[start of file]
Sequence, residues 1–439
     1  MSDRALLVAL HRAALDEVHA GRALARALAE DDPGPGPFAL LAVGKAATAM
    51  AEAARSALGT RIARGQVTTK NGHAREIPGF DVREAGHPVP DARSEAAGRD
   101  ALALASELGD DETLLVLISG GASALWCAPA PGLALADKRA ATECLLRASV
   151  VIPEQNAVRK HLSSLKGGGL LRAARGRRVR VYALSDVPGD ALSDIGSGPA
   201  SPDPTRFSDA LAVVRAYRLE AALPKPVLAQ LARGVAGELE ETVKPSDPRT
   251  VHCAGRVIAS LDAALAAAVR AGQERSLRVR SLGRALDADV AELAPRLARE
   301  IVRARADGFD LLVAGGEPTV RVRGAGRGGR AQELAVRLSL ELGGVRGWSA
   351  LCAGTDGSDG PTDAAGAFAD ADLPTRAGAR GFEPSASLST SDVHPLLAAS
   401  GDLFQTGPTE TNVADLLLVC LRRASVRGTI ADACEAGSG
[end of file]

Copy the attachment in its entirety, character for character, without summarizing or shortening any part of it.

Sequence, residues 1–439
     1  MSDRALLVAL HRAALDEVHA GRALARALAE DDPGPGPFAL LAVGKAATAM
    51  AEAARSALGT RIARGQVTTK NGHAREIPGF DVREAGHPVP DARSEAAGRD
   101  ALALASELGD DETLLVLISG GASALWCAPA PGLALADKRA ATECLLRASV
   151  VIPEQNAVRK HLSSLKGGGL LRAARGRRVR VYALSDVPGD ALSDIGSGPA
   201  SPDPTRFSDA LAVVRAYRLE AALPKPVLAQ LARGVAGELE ETVKPSDPRT
   251  VHCAGRVIAS LDAALAAAVR AGQERSLRVR SLGRALDADV AELAPRLARE
   301  IVRARADGFD LLVAGGEPTV RVRGAGRGGR AQELAVRLSL ELGGVRGWSA
   351  LCAGTDGSDG PTDAAGAFAD ADLPTRAGAR GFEPSASLST SDVHPLLAAS
   401  GDLFQTGPTE TNVADLLLVC LRRASVRGTI ADACEAGSG